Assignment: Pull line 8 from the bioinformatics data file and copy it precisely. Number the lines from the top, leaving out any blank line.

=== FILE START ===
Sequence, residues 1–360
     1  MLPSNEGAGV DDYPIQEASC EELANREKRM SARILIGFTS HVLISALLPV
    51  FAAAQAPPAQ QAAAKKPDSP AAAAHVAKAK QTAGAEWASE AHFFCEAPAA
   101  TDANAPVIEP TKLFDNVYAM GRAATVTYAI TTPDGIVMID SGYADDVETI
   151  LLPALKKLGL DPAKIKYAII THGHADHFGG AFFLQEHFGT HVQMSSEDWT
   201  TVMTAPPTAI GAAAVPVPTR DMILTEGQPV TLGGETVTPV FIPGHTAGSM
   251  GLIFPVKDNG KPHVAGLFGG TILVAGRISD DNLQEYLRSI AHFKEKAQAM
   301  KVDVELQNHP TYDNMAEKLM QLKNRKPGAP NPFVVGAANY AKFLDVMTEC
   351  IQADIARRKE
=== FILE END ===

   301  KVDVELQNHP TYDNMAEKLM QLKNRKPGAP NPFVVGAANY AKFLDVMTEC